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Sep 23, 2020

HR encourages managers to have career conversations with their direct reports. This is a nice idea. Unfortunately, when an employee asks, “What’s next in my career?”, the manager may answer, “I have no clue!”

Of course, the manager would probably hedge that a bit in the actual discussion. Still, the point remains that managers are often ill-equipped to have useful career discussions.

Yes, in a few cases, there is a simple job ladder (e.g., junior analyst to analyst to senior analyst), and the manager can discuss what’s involved in moving up. But more commonly, the manager doesn’t have enough information about different jobs in the organization to provide helpful advice.

There is a potential solution for large organizations: use technology to record the abilities required for various jobs in the organization, compare them to the abilities employees have, and then suggest which career options are within reach. Once there is better access to information about jobs, our understanding of the career-planning process flips. Why would we ask the employee to ask the manager to ask the system? It makes sense to let employees drive their own career planning.

One company that’s been at this for a long time is Fuel50. They go so far as to look a few career steps ahead. If an employee is in Job A and they want to be Job Z, then the system can map out potential intermediate jobs that would take the person there. It will also identify which abilities the employee needs to take each step.

In an earlier article, I mentioned internal labor markets and how they could include short-term/part-time gigs people could do while retaining their current jobs. Fuel50 sees these gigs specifically in terms developing the abilities people need to take the next step in their careers. This means that an internal gig labor market can be an important new element in career development, and again, it’s something that employees can drive on their own — once HR has put the right systems in place.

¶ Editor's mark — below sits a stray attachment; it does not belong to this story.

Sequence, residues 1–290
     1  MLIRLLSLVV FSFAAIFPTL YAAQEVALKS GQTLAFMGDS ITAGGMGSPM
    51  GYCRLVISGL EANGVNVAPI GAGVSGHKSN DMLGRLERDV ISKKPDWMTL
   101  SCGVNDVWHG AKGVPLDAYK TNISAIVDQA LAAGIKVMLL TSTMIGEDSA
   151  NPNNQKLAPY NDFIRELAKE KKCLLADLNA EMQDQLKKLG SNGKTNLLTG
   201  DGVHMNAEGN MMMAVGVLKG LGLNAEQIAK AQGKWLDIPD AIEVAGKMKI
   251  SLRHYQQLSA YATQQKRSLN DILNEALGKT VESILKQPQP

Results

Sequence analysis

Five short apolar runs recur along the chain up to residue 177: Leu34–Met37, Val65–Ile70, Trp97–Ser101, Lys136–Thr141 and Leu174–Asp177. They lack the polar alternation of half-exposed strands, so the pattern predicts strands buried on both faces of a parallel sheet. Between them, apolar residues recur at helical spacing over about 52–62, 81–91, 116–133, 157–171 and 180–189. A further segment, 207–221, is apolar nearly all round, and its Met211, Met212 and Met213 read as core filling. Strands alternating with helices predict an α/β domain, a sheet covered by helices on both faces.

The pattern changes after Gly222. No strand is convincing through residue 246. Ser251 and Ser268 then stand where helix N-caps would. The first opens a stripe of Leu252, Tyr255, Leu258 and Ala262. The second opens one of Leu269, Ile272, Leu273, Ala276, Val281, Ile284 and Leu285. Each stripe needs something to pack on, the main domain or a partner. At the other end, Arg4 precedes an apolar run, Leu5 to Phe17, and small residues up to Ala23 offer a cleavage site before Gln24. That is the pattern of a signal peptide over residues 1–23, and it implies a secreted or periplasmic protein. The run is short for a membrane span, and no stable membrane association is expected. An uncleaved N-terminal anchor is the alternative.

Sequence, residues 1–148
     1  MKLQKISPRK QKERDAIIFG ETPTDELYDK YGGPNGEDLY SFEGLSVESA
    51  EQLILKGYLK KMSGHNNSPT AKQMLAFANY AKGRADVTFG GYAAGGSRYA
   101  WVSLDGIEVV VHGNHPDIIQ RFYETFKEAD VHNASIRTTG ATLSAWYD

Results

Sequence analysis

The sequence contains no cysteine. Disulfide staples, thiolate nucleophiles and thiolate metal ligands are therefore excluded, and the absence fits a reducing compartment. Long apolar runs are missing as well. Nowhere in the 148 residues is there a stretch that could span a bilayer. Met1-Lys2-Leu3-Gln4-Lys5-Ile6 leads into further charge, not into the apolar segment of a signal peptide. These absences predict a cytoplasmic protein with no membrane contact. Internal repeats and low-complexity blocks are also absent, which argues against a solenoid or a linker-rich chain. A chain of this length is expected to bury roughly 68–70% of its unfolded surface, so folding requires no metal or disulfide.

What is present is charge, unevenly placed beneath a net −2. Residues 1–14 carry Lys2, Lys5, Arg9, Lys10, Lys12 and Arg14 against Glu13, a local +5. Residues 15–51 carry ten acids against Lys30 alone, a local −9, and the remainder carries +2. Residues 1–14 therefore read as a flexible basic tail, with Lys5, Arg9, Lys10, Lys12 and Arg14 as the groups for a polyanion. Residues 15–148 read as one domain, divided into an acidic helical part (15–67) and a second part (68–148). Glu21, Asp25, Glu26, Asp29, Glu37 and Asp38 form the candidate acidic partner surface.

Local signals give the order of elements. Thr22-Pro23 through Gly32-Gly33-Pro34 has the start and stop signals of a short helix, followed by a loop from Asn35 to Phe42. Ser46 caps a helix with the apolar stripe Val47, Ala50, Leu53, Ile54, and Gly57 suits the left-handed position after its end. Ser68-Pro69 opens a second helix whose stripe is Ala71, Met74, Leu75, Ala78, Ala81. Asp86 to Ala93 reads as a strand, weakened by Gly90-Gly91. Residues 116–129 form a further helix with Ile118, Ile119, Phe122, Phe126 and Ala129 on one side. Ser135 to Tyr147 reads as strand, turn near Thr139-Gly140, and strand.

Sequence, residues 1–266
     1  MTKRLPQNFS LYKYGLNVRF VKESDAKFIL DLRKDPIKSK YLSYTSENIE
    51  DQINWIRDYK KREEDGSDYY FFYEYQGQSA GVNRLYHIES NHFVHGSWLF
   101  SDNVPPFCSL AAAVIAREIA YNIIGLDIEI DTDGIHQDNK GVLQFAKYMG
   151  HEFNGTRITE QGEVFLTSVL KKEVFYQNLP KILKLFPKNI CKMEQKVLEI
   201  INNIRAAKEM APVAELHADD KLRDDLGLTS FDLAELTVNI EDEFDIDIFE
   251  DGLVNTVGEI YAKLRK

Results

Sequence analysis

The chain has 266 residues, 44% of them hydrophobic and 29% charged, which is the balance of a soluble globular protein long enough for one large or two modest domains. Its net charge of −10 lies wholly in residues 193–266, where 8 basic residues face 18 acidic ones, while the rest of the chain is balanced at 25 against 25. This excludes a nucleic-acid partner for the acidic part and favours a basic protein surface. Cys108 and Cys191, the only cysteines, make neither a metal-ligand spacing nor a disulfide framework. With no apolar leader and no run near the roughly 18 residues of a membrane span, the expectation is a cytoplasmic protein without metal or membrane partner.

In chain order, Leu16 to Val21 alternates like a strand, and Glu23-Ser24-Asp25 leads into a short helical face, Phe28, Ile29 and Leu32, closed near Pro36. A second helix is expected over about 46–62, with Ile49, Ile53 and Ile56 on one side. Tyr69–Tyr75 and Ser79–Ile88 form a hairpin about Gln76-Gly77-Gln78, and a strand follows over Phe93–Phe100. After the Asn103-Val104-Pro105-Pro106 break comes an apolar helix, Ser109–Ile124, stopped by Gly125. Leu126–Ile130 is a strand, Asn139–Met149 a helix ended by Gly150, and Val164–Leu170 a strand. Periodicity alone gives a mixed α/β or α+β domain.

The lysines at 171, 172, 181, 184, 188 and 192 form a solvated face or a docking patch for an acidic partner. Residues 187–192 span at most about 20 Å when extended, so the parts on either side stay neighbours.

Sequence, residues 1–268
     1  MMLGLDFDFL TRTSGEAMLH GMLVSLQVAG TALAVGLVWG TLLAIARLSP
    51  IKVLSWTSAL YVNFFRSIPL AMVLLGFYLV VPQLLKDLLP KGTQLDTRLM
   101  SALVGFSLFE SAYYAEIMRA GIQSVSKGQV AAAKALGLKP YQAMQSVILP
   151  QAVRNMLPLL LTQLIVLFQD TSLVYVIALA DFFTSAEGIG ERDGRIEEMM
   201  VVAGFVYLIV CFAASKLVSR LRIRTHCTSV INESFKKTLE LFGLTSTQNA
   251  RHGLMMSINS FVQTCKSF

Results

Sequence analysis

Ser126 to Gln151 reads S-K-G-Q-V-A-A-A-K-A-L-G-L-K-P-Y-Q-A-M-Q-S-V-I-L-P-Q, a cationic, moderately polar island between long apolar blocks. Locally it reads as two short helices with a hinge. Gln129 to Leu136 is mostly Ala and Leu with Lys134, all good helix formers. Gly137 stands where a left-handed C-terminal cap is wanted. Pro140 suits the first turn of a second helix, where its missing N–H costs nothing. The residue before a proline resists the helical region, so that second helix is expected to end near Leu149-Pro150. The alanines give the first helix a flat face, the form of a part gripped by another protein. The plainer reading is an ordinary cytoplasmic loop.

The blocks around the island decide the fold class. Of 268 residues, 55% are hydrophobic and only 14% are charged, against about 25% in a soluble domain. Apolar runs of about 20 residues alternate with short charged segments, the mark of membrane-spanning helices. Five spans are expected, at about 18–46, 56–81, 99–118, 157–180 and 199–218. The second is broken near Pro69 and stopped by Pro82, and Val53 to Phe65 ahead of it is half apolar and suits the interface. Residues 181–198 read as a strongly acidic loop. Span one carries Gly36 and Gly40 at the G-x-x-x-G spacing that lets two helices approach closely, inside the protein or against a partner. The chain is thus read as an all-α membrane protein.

Career development that improves internal mobility helps the company fill job vacancies with proven talent. However, I think the real payoff is in employee motivation. Employees who can envisage a future career are more likely to be engaged and are more likely to work on developing new skills. Even people who are happy in their current jobs will be energized by knowing that they could move if they wanted.

There are some general takeaways from this:

  • Something we always wanted to do, career planning, couldn’t be done well because we didn’t have enough information. Now we do. Let’s seize the opportunity.
  • Historically we’ve thought of managers as having a paternalistic relationship with their direct reports. Some of that remains true. However, in many cases, there is no longer a need to have a lot of managerial involvement in career planning. Given access to the right tools, employees can do things themselves.
  • HR is in a phase where it can reinvent many processes. Moving career planning from a once-a-year, manager-led process to an employee-led, on-demand process is just one example of how technology is changing HR.
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